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Microsoft to debut quantum computing language soon

A quantum computing language could be a game changer in the near future.

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Microsoft could debut quantum computing soon after making the crucial first step: dedicating a computer language for it and releasing it soon.

According to Extreme Tech, the computer language will be fully compatible with Visual Studio. There is no existing computer language dedicated for quantum computing yet, so Microsoft will be making history here. Compared to traditional computer that reads 0 or 1 to run calculations, quantum computer utilizes 0, 1, or both 0 and 1, paving way for much more complex and theoretical computing capability.

Quantum computing future

Why is there a need for quantum computers? Simply because, the time will come that there will be no more energy to power traditional computers in the world, so energy-efficient ones are greatly needed to be developed. As stated in WIRED, a quantum computer is 100 million times faster than a regular PC. However, making it available on the industry scale could be problematic.

Even tech leaders Bill Gates and Satya Nadella fail to define what quantum computing is. It may have been because the world has not seen to what extent it could do. Microsoft attempted to explain how it works instead: “It would allow scientists to do computations in minutes or hours that would take the lifetime of the universe on even the most advanced classical computers.” Experts believe quantum computing can address issues such as global warming and diseases.

Microsoft has a quantum computing lab in Santa Barbara. It is not yet determined how the company plans to sell a quantum computer commercially, but experts predict that it would be available in the cloud. A quantum computer relies on a regular computer and it could be attached to it as an auxiliary processing unit.

quantum computing: programming language

Microsoft is working on a quantum computing programming language and it could debut soon. (Source)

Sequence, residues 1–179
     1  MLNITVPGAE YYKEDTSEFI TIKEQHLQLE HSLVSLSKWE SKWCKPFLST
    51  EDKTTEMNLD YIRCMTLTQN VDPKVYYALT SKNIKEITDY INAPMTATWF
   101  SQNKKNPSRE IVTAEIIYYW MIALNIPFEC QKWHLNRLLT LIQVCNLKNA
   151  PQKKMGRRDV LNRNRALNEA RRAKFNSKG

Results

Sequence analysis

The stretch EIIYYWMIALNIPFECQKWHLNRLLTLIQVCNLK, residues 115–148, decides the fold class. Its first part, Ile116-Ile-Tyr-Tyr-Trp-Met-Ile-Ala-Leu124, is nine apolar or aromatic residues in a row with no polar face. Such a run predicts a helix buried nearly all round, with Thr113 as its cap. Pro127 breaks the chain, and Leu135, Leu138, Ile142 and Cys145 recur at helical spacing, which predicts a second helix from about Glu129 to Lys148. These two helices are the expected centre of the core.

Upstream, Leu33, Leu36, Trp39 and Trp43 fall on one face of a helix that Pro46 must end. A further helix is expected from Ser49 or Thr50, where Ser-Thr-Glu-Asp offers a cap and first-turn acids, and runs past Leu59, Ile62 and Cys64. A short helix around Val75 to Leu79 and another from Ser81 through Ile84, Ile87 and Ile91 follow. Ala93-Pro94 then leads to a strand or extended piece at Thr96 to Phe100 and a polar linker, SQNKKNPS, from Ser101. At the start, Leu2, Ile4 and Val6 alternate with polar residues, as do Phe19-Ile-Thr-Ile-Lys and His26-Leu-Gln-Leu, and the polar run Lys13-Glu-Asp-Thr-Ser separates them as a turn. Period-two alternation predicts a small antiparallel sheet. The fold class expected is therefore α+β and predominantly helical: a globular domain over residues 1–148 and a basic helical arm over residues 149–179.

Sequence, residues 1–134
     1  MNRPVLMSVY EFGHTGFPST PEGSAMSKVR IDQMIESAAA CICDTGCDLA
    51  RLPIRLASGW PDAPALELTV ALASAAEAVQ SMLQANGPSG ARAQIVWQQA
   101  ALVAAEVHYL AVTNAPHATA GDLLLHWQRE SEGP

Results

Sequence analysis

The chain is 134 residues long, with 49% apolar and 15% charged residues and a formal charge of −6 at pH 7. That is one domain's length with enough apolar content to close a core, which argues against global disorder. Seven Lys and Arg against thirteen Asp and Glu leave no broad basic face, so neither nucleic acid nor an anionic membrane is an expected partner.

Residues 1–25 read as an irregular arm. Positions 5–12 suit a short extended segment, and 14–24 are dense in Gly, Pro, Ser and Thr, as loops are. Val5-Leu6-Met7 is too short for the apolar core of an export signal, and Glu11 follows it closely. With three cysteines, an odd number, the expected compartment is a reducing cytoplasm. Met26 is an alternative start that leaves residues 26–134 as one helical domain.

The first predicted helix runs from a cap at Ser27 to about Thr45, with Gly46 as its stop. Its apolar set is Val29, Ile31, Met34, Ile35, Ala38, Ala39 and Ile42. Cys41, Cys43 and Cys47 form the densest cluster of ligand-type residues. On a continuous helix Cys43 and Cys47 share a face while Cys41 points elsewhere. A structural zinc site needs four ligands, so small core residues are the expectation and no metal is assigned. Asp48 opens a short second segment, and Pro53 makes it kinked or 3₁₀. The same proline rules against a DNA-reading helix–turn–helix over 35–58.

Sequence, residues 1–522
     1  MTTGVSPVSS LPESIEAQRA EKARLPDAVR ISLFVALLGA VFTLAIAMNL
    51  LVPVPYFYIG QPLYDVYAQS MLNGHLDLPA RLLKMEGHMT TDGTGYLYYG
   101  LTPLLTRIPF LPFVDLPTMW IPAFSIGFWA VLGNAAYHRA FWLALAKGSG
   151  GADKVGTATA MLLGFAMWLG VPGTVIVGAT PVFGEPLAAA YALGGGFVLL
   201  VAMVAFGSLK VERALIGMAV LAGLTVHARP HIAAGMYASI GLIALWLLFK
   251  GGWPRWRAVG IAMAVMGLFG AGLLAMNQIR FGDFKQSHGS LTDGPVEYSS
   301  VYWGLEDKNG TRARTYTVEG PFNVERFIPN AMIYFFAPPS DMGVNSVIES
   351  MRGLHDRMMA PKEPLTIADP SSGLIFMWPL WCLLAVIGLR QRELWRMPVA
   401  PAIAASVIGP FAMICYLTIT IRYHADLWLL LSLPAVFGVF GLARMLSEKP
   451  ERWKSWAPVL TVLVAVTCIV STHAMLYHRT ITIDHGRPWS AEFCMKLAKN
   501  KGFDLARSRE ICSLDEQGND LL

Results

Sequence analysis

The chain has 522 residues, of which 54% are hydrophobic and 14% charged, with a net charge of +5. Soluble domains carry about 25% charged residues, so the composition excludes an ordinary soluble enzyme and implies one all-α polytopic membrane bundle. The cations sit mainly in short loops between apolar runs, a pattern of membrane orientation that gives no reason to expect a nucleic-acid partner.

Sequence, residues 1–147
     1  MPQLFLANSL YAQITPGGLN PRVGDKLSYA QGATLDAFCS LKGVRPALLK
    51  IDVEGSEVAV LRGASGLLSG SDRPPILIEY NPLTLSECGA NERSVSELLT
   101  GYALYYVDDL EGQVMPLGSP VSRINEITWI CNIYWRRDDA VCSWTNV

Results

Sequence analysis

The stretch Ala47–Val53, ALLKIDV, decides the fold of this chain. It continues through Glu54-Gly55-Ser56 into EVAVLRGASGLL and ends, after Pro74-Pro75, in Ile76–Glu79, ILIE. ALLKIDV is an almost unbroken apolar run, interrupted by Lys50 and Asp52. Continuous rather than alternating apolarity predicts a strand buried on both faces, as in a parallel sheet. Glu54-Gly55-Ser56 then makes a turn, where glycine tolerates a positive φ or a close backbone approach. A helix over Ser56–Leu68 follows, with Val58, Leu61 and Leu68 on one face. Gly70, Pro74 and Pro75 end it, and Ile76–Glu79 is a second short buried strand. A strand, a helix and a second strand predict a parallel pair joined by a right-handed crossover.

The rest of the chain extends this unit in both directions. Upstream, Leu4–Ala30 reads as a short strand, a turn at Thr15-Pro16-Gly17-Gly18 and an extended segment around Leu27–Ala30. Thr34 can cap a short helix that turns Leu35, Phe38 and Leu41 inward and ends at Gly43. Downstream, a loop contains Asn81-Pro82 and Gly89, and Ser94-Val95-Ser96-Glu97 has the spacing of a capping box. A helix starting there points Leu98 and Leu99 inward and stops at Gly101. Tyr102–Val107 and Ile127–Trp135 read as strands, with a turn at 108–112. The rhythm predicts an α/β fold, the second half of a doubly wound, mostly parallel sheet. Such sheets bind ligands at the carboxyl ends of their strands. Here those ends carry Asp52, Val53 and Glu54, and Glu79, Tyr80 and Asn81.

How it works

The programming language got its inspiration from C#, F#, Python and other languages but also incorporates some features of a quantum computer. A quantum simulator is rumored to be in the works so developers could still test the programming language despite the absence of a real quantum computer. However, running the simulator would require at least 32GB of RAM.

Microsoft’s Krysta Svore claims the simulator will run on a regular PC with 20-qubit operations while Microsoft Azure cloud computing services will run it until to 40 qubits. They will test it in ideal conditions, -452 F temperature, so the particles can work optimally. “We are developing those [the hardware and software stack] together so that you’re really feeding back information between the software and the hardware as we learn, and this means that we can really develop a very optimized solution,” she added.

Aside from super cold temperatures where quantum computing takes place, a magnetic vacuum must also be put into place so a simulation could take place. But right now, things are looking bright for quantum computing. The advantages clearly outweigh disadvantages. The Microsoft’s soon-to-be-released programming language dedicated to it ushers in a new era not only to the tech industry but to the entire human race as well. In the race for quantum computing among Microsoft, IBM and Google, it does not matter who takes the lead, we are all winners in the end.

Arturo Garcia is a Peruvian-Filipino financial journalist. He is a self-confessed football fan. He started out as a political writer for a local daily in Peru, but now focuses on tech and business. Arturo studied Economics at Unibersidad de Lima and currently lives at an apartment in Salinas Valley, Northern California, exactly 725 meters from John Steinbeck’s hometown.

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